Another reason to ride
I rush back into my house, still slightly warm and wearing riding clothes that are damp from the sweat of a summer afternoon’s jumping session in my arena. I make a beeline straight to my home computer and eagerly log into the website of my breed registry.
A few days later, I return home from a lengthy trail ride with friends, tired but eager to reach my office desk where my computer awaits. Next week, I’ll be happily logging in again after a dressage clinic.
What could possibly be so exciting that I race home after a ride to sit in front of my computer? I can’t wait to track my progress in my breed registry’s horseback riding incentive program. By completing these last three activities, I reached my 500-hour milestone level and earned another award.
As a middle-aged amateur of modest means, it isn’t always easy to find the time or budget for horse shows. So I need to get creative when I want to participate in competitive activities with my horse. I know I am not the only rider in my situation.
Fortunately, many breed registries now encourage their members to get involved in activities beyond the show ring. In searching the web I have found more than two dozen low-cost incentive programs that allow people to earn awards for simply spending time in the saddle, whether for training or recreation. Rules vary among organizations, but most programs ask you to record the hours you spend in the saddle or driving, and they offer awards to those who reach milestones beginning as low as 25 hours and continuing up to 5,000 or more. Prizes can range from lapel pins and T-shirts to halters with engraved plates, saddlebags and jackets.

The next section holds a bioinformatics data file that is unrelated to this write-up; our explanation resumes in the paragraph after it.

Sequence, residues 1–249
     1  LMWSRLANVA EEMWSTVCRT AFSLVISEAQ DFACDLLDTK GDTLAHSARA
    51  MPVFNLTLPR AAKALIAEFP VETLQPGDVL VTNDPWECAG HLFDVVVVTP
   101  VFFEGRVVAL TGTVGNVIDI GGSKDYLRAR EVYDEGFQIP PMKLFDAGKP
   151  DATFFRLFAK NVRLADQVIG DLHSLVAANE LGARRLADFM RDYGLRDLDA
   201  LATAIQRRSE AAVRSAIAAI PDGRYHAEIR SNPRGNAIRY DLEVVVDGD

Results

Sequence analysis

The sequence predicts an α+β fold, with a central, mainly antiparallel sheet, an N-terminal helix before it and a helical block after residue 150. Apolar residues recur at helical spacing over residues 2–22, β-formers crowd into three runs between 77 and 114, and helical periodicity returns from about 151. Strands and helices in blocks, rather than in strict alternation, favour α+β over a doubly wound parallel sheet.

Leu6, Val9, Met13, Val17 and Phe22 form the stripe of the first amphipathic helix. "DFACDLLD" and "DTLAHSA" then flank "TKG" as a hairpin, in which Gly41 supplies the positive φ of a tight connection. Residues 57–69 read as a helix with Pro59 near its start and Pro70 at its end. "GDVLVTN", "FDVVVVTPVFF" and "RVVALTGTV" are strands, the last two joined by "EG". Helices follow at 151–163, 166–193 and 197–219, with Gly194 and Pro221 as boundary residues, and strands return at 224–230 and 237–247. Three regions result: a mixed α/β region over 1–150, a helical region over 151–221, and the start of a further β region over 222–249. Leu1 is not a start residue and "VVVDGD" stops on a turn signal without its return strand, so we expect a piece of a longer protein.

If you don’t belong to a breed registry, you’ll find similar programs among local horse clubs, many of which offer similar recreational rider programs with year-end high point awards given to the person logging the most hours. Often the hours earned in your local programs may be simultaneously logged into a breed organization’s program.
A riding incentive program is per-fect for me. I ride both for pleasure as well as to set and achieve goals. Setting performance-oriented goals can be discouraging when I know I won’t be able to make it to many shows in a season. But the incentive program inspires me to ride and practice my skills as I work toward a different type of accomplishment—in my case, the goal is personal achievement aiming toward a useful award.
But it’s not all about goals. The incentive program is fun! Not only am I pushing myself, it is also enjoyable to engage in a little competition among my friends, as we vie to see who will be the first to reach a certain milestone. And I find it satisfying to instantly watch my rank climb each time I log in and enter my most recent hours.
Almost universally, recording of hours is based on the honor system. As long as you are enjoying riding your horse, everyone wins, and each goal met brings with it prizes of increasing usefulness and value. Reaching a milestone can bring awards just as meaningful as a horse show ribbon that not only allow you to promote your breed but also your accomplishments.
Now, if you’ll excuse me, I’m off to start working toward my 1,000-hour milestone.